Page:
Are You The Nanny?

“Heart and Seoul: A Korean Adopted Woman’s Perspective”

After having my twins, I was fortunate enough to be able to stay-at-home with them for almost three years. Life at home as a full-time mom was wonderful. I had struggled to have children and I relished in my overwhelming blessings that are my son and daughter.

“Are they yours?”

Our daily routine usually included getting outside to a playground or some other childrens activity. I can not tell you how many times I was stopped on the street by strangers so that they could admire my babies. Most of the time, the banter with these strangers was unremarkable. “How old are they?” “Are they identical?” (Uh, no I just told you they are a boy and a girl.) But more often than one would imagine, I was also asked whether or not they were mine. The implication being that I was the paid caretaker. Then there was the afternoon when I was at a small playground and asked, rather bluntly, “Are you the nanny?” No, I’m the mom, I replied rather amused.

Growing up in my white family in upstate New York, I was asked many questions related to my being adopted and about finding my “real” mom. Wanting desperately to not be different, my usual response was that I already lived with my real mom, meaning my adoptive mom. This response always brought confusion to the inquirer and I would go on to explain that my adoptive mom was my real mom. She was the only mom I knew and she was real.

My Korean mom was relegated as my “biological” mother. How pathetically sad, I think now. Undoubtedly, she is more than just someone from whom I received my DNA.

My parents have six children. Four of my siblings are biologically related to my parents and my youngest brother and I were adopted, separately, from Korea. (I was eleven when he was adopted.) My four siblings that were not adopted are clearly my parents children. My mother and father’s DNA is obvious in all of them.

Family resemblance was, and sort of still remains, a slight obsession of mine. As a young person, I was amazed at how much families could look alike. I wondered, often, who I looked like. I would look at my hands and think, do my biological mom’s hands look like mine? So, it was with hyper-anticipation that I dreamed of someday having my own children who would look like me.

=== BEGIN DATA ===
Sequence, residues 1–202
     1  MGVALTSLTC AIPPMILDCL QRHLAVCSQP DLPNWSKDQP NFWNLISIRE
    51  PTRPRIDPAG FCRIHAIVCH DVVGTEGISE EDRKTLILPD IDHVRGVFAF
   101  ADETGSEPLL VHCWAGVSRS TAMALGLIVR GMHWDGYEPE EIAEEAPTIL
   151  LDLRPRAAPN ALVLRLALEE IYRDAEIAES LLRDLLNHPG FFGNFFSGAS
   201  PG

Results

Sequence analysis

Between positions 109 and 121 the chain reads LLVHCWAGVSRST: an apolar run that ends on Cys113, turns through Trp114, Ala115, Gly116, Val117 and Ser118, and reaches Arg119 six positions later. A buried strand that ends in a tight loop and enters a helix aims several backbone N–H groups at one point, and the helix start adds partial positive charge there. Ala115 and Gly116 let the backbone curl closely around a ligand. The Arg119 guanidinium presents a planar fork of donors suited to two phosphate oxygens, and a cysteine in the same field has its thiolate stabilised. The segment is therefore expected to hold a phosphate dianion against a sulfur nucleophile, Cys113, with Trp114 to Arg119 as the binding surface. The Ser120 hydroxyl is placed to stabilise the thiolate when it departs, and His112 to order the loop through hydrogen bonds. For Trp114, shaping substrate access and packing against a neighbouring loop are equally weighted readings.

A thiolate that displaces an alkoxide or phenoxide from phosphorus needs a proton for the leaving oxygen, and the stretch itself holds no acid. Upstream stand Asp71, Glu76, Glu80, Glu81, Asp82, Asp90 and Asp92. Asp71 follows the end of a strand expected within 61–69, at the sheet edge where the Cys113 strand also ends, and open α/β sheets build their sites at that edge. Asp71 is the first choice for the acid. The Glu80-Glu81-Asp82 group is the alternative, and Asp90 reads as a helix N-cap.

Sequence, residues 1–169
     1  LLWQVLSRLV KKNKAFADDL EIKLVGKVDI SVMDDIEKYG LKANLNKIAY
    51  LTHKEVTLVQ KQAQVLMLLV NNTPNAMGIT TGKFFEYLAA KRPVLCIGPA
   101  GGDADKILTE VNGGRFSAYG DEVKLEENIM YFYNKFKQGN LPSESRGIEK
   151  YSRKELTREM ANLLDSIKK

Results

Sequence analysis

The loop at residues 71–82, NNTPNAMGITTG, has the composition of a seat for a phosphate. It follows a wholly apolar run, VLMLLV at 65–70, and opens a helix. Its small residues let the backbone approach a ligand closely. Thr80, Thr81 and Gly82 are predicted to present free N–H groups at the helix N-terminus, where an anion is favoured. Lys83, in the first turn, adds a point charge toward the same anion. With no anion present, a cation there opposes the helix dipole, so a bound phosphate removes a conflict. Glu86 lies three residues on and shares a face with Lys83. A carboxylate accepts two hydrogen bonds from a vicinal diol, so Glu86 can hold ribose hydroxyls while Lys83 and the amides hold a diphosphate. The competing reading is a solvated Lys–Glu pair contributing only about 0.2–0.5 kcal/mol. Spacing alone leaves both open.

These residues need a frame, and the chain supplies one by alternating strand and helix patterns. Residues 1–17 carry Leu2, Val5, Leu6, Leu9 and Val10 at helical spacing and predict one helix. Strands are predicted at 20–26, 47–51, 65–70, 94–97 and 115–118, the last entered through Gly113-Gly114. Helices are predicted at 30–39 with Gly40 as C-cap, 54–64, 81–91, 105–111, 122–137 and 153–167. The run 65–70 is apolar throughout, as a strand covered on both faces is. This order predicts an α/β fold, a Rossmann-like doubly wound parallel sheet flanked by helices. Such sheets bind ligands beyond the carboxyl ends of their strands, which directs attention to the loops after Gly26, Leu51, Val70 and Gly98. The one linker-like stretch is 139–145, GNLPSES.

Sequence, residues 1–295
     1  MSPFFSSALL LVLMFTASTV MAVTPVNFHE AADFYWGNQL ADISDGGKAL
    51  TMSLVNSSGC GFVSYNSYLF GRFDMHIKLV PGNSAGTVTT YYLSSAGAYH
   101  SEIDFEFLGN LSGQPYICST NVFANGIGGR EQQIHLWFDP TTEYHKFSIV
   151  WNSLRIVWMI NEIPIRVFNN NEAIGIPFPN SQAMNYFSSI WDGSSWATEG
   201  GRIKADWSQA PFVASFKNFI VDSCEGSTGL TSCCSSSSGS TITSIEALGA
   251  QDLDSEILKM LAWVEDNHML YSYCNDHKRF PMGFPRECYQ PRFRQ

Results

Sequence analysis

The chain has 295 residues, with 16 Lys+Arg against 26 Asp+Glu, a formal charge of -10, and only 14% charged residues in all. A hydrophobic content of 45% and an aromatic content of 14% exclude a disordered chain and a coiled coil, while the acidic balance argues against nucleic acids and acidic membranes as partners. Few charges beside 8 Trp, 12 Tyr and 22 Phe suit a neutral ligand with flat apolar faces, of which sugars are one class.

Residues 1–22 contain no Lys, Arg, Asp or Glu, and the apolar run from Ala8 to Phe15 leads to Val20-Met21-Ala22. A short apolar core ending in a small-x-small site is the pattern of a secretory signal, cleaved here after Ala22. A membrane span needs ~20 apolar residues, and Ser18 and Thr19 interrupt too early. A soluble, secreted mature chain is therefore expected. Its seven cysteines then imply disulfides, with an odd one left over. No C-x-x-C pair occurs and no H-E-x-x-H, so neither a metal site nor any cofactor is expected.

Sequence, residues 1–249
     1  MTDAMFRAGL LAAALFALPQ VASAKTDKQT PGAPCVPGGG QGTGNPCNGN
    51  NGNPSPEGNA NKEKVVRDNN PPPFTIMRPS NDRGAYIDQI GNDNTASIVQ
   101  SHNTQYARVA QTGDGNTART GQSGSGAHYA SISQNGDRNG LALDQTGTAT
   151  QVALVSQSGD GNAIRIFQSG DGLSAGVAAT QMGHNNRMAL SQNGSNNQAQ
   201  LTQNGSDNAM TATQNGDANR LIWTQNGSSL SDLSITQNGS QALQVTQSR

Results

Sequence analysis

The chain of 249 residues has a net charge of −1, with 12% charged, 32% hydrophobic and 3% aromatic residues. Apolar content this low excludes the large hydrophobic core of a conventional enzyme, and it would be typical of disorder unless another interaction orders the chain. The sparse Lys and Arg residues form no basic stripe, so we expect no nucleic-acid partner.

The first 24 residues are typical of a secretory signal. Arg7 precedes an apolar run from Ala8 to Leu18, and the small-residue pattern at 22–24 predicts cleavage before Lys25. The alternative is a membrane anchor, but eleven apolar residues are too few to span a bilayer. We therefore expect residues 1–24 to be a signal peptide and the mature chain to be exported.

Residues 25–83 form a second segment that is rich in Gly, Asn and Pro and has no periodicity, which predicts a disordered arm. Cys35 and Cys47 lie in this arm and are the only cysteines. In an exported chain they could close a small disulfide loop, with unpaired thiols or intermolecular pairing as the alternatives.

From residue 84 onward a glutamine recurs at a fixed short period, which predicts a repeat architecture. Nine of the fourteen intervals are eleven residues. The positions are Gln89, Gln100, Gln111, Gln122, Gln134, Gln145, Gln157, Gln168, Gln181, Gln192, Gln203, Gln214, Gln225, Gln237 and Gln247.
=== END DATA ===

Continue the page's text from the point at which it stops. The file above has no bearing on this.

Then, as fate would have it, I fell in love with and married a Black man. Super fast forward to six years after we were married, when we were finally headed to the hospital for my scheduled c-section. It was a miracle that we made it to this day. As I lay on the operating table, body half numbed, I tried hard to be in the moment. Honestly, it was difficult though. It was so hard to believe that I was finally going to be a mother. As the doctors pulled my children from my body, I anxiously awaited to hold them. I had tears streaming down my face and an enormous lump in my throat when the nurse and my husband brought my babies to me. My first words upon seeing these precious beings were “they look like me!” And they did. They both looked so much like me, I was awestruck.

Like all babies, as our children have gotten older, we can now see characteristics of both my husband and myself in them. I often joke that our daughter is the Black version of me and our son is the Asian version of my husband. Which is why, it is even more amusing that I have been asked whether or not I was the nanny. My kids look like me!

To be sure, I am aware that the nanny question is more than just a question of ignorance or laziness. I have many girlfriends who are Black that have also been asked whether or not they were the nanny. The question obviously has roots in not just race, but class as well. I guess in the wealthier neighborhoods of Brooklyn, people are just not used to stay-at-home moms that are also moms of color. In my almost three years as a stay-at-home mom, I never once saw a white caretaker. (I despise the word nanny but that’s another topic for another column!) My girlfriends and I have only half joked about getting t-shirts made that say, “No, I’m NOT the nanny.”

While growing up, my mom was also asked whether or not I was her child. “Yes,” she would say, “she is mine.” The question posed to my mom was not because people thought she was a paid caretaker but because we look nothing alike. Now, ironically I am asked the same question. “Are they yours?” Different reason for the question, perhaps, but same question nonetheless.

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